Trainz/Driving Steam Engines

Driving a Steam Locomotive


Trainz supports realistic CAB controls for steam engines. Driving a Steam Engine is considerably harder than driving in CAB mode for Diesel/Electric engines. However it is generally considered far more enjoyable.

Note: Steam CAB mode is only supported on specific steam engines. Some engines do not contain a cab that allows you to change the controls aside from using the hotkeys. This can be difficult or frustrating at times. Typically if you are creating a session involving driving a steam locomotive, it is advised that you have a proper working first person cab.

Advantages/Disadvantages of Steam CAB



  • There's nothing quite the same as driving in Steam CAB and overall it can be far more enjoyable.
  • To a certain extent, it can give you more control over the speed of your train and once you have the controls mastered, you can actually use the train better than the automated systems that DCC offers - especially with water and coal management.


  • Takes a lot longer than DCC to be able to understand.
  • The HUD List can be very confusing for first time users.
  • More complicated that Diesel/Electric Cab controls.

Steam CAB Basics


This simple tutorial will cover the basics of driving a steam locomotive in Trainz. It is assumed that you have played through the other tutorials that should be included within your game including a tutorial on Diesel CAB mode.

For the purposes of this tutorial, the LMS Duchess will be used without any rolling stock. This is available for purchase from Simulator Central. However you are able to use any steam locomotive that you want. Bear in mind that each steam locomotive is different and thus has different strengths and weaknesses.

Water and Coal


A very important difference between steam locomotives and diesel locomotives is the method of fuel. Diesel locomotives rely on diesel fuel, however in Trainz most of the time they will not require any product in order to be powered. Steam engines rely on coal and water. Both of these are stored in the tender. If you run out of water, you will run out of steam and will therefore be unable to move. The same applies for coal, though you are typically able to go a slightly longer distance without it.

Regardless, it is very important that you don't run out of either product. Although it is typically unlikely that you are going to run out in any given session, it is important to know where you will be able to refill. Trainz 2004 and above includes an industry called "Industry Steam Filler" in the surveyor Structures Tab. Coal is off loaded on one side and water is automatically generated. When you move your locomotive up to the steam filler, it will automatically refill. Other industries can also provide this valuable product.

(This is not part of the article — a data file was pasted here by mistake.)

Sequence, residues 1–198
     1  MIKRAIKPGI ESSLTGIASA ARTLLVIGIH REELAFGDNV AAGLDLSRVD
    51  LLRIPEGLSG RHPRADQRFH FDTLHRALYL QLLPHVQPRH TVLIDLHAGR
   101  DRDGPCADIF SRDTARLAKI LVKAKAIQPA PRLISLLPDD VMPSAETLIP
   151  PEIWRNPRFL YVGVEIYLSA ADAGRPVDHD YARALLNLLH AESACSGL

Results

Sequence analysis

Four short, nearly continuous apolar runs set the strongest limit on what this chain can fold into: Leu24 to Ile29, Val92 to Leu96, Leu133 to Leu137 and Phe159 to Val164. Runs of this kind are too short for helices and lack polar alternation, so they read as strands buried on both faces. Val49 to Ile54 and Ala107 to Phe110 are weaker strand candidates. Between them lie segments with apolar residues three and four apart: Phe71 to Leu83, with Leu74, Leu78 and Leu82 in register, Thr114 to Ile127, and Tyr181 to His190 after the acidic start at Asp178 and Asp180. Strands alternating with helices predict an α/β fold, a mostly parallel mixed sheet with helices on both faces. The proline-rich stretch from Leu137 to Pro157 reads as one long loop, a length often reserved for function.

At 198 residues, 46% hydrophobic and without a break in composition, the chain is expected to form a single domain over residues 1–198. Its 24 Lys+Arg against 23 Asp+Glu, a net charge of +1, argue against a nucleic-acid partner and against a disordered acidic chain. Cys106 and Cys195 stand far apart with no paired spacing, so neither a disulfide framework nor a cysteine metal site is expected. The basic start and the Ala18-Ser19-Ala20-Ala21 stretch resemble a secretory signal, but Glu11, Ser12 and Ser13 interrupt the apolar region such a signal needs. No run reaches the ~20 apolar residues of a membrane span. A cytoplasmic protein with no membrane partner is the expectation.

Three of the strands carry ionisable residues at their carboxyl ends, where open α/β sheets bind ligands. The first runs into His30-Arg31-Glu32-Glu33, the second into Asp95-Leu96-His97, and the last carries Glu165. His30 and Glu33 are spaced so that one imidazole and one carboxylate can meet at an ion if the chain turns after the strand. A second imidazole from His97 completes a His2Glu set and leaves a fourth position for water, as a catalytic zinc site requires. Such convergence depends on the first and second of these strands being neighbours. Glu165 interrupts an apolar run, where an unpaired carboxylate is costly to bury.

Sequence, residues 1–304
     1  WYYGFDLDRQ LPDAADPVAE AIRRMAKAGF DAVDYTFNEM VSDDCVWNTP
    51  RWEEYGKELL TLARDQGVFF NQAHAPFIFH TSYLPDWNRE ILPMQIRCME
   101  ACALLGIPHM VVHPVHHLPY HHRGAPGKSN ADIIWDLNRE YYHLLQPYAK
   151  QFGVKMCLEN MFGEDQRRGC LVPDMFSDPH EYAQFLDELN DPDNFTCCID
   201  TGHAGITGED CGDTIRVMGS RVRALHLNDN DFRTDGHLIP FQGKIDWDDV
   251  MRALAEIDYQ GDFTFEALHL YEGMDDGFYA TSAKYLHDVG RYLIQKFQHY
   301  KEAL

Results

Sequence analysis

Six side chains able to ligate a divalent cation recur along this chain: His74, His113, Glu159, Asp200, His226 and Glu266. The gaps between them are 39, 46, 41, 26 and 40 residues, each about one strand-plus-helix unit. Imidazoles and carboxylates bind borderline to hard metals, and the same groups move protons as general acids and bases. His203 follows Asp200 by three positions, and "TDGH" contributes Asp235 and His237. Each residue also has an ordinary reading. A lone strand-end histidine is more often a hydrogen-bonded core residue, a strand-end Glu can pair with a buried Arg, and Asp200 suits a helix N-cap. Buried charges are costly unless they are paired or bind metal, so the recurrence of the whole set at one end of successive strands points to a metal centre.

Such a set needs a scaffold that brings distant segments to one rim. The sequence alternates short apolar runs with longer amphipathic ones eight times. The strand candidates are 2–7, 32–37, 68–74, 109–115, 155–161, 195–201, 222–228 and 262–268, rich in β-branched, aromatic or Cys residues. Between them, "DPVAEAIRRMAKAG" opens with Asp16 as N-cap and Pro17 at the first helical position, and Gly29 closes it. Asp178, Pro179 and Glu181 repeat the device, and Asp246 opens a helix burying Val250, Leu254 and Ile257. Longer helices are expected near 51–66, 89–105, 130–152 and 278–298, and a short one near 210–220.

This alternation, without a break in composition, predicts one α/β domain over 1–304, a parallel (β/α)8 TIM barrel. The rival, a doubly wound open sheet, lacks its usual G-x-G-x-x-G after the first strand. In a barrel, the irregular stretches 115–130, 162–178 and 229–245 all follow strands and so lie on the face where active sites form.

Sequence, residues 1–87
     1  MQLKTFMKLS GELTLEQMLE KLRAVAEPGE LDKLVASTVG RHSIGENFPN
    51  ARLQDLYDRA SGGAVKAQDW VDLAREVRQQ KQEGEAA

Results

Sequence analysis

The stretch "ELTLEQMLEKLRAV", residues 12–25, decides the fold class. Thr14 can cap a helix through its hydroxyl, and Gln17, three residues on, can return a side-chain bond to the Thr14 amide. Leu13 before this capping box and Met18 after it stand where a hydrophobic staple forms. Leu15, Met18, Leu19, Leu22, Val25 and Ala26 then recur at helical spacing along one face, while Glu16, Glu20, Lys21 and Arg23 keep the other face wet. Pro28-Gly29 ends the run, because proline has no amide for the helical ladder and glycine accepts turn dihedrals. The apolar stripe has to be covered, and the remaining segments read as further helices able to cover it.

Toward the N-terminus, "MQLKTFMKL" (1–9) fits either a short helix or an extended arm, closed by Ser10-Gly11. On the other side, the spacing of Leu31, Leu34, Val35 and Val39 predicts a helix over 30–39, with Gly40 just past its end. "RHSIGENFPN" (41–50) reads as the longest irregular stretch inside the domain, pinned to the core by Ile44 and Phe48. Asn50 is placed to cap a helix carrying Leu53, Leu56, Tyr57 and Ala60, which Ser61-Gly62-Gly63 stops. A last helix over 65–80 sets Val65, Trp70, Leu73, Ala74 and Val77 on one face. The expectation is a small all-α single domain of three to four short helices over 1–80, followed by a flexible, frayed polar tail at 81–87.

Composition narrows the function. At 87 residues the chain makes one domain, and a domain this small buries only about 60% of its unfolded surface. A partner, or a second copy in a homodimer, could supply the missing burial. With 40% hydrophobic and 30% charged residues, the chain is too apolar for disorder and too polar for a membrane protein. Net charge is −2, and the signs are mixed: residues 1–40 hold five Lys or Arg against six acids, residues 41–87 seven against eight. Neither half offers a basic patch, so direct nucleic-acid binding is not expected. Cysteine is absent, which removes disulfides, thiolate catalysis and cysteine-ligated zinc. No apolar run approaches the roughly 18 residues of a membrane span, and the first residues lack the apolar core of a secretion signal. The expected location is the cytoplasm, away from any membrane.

Starting your engine


When you first start your Steam Engine, it will already be steamed for you and just needs to start moving away at your command. You don't need to spend hours waiting for the pressure to build in the boiler. When you first start driving a steam engine, you may be overwhelmed by the words on the right side of the screen. However this will all be covered and by the end of this tutorial, everything will make sense.

The view screen


This is a list of all the labels that appear in a Steam Engines CAB Mode. Braking is covered in Diesel/Electric tutorials.

  • Brake Pipe
  • Brake Cylinder
  • Main Res
  • Equalizer
  • Brake: Current state of the Brake (Released, Initial, Application, Emergency, Handle Off)
  • Boiler: Current pressure in the boiler. In lamen's terms, the higher it is, the faster you can potentially go.
  • Regulator: Controls the opening/closing of the steam regulator, thus controlling how much steam is delivered to the cylinders.
  • Cutoff: Controls how much steam is used in each piston.
  • Water: Water level in the boiler. Not to be confused with the water remaining in the tender.
  • Steam Chest: How much steam is being delivered to the cylinders.
  • Coal Level: Coal inside the firebox. Try to keep it at around 60-80% as you need room for the smoke to grow.

Moving Forward and Backwards


Moving Forward


The best way to start driving is to start slow. Driving a Steam Locomotive is much harder than driving a Diesel or Electric but is also more fun.

  1. Release your brake... [Q] ... you'll hear air flow noises.
    1. Brake pipe, Flow rate, and Cylinder Pressure should all move; these readings are the same in Electric, Diesel, or Steam traction engines. Also, all braking mentions here are the same in all non-DCC modes.
    2. If Cylinder Pressure does not drop, the Locomotive's Independent Brake is also engaged. Toggle off with [E]
  2. Set your cutoff to +45–+75%... [F] - repeated as needed...nn times
    1. From inside the CAB camera view, you will see the cut off lever move.
    2. You can expedite the process, bypassing all those '[E]' keystrokes by |LMBH| = L-clicking on the lever, holding it and sliding it (dragging) to the stops, or part of the way.
    3. Using lever control gives you finer control, faster control, and is visible and obvious.
  3. Bring up the Regulator (throttle) to about 45%... [W] - repeated as needed.